Again this week we’ll turn to Lorelei Lee’s “A Feminist Porn Star Manifesta” in The Feminist Porn Book, this time to examine the notion of the slippery slope and its argument that “women in porn are ‘forced’ to do more ‘extreme’ performances” as time goes on in order to remain relevant and earn more money.
As Lee argues, it’s important to challenge this assertion for several reasons, the first of which is due to the slippery slope’s inherent assumption that “a woman’s sexuality has a finite value.” An extension of this idea is that somehow a woman is worth less “as her number of partners or experiences increases.”
This contrasts mightily with prevailing narratives surrounding men’s sexuality, namely those that center around notions of masculinity as sexual conquest,* be it with multiple or many partners and the exploration of the same “extreme” sex acts so scrutinized when women participate in them.
All of this makes another harmful assumption, that being that no woman would want to partake in the kinds of sex depicted in more “hardcore” genres, which Lee mentions include “anal sex, double-penetrations, fisting, and any number of ‘fetish’ activities.”
In Lee’s observation, this narrative runs contrary to her own experiences and those of actors closest to her. She cites that though there are unscrupulous agents or directors who might coerce talent into pursuing these avenues, there are “women with long porn careers who will tell you they chose to do each of their at-work performances as freely as many people choose to work in office buildings.”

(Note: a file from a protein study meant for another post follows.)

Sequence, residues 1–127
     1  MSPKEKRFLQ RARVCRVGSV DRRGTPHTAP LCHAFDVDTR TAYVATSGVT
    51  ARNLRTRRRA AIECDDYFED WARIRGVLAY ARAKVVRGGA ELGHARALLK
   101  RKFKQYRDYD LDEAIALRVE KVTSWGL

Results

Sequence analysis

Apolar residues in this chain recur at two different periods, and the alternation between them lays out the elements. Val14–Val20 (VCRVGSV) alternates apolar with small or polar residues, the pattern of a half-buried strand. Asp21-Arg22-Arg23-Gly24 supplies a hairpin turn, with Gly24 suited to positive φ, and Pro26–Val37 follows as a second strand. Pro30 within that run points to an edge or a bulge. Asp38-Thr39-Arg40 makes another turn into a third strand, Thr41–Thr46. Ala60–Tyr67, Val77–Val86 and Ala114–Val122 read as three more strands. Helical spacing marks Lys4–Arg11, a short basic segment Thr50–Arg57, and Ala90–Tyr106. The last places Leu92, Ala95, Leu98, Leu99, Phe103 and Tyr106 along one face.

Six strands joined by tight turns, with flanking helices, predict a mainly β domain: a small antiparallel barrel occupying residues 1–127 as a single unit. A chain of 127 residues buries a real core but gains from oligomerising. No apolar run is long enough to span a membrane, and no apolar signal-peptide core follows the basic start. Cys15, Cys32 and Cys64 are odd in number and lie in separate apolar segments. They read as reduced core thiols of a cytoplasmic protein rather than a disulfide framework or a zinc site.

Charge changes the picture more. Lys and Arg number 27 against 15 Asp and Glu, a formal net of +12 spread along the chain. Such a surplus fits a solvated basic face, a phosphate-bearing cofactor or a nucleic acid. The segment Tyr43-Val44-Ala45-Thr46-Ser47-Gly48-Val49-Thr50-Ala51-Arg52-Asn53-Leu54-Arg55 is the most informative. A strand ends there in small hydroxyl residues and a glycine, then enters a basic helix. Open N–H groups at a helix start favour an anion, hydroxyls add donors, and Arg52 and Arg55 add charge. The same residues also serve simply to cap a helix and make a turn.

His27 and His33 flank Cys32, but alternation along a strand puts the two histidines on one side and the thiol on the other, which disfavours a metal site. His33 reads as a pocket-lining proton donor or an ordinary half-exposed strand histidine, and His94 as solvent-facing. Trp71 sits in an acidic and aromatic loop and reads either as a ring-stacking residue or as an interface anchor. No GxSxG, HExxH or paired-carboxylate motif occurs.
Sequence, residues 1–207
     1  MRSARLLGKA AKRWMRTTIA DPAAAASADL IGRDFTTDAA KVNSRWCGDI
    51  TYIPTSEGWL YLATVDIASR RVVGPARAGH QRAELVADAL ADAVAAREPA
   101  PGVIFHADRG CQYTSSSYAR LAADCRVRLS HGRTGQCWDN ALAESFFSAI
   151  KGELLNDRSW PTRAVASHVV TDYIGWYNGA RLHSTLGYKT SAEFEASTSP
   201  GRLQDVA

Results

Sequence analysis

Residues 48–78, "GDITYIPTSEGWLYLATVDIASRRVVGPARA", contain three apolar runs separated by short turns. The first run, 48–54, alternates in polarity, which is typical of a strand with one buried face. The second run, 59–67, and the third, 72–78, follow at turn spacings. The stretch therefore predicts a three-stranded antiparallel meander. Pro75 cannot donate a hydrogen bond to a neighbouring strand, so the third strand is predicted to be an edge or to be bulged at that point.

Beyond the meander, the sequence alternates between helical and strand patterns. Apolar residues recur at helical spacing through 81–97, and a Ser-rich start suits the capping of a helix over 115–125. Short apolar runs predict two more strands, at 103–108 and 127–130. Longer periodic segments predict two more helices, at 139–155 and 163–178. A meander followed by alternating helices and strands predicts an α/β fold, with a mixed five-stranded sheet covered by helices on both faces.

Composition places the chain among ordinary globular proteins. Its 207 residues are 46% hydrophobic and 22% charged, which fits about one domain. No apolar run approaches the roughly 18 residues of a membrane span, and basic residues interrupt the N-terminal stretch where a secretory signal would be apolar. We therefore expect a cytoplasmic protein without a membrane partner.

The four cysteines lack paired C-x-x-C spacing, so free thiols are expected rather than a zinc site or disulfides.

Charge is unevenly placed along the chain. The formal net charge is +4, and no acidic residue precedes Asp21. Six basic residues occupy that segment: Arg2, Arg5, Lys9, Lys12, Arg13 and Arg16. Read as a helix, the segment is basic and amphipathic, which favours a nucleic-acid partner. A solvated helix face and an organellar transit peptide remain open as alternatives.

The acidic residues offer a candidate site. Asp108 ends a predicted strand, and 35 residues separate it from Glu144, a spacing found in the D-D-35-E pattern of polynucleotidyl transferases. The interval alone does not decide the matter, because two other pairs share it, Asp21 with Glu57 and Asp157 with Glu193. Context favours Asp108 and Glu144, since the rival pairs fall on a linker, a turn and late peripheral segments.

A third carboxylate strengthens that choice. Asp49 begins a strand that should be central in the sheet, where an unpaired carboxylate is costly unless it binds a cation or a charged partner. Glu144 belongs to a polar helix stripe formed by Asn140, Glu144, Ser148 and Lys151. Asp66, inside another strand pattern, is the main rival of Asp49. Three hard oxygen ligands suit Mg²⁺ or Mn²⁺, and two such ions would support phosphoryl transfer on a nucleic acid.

Furthermore, she mentions that, among other reasons, some women do these more “extreme” performances in order to push their bodies or because they believe “this kind of imagery… more closely approximates [their] own desires.”
In Accounting for it All, I do feature the “slippery slope” as part of Robin’s personal journey in the world of adult acting. Though when presented with it she buys into it as an axiom of the industry—something that ultimately leads her from work on camera altogether—she later realizes this narrative was being pushed by her then-agent in order to earn himself more money at her expense.
Fortunately, Robin’s experiences in the land of the more “extreme” generally prove fruitful for her not only financially, but as part of her understanding of herself and what she wants as a sex-positive adult.
How does that play itself out, exactly? You’ll have to wait until November 2018 to find out.
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*for a short story that challenges the idea that to be masculine is to embrace sexual conquest, you can read “What it is to Smell of Man” with Erotic Review (NSFW).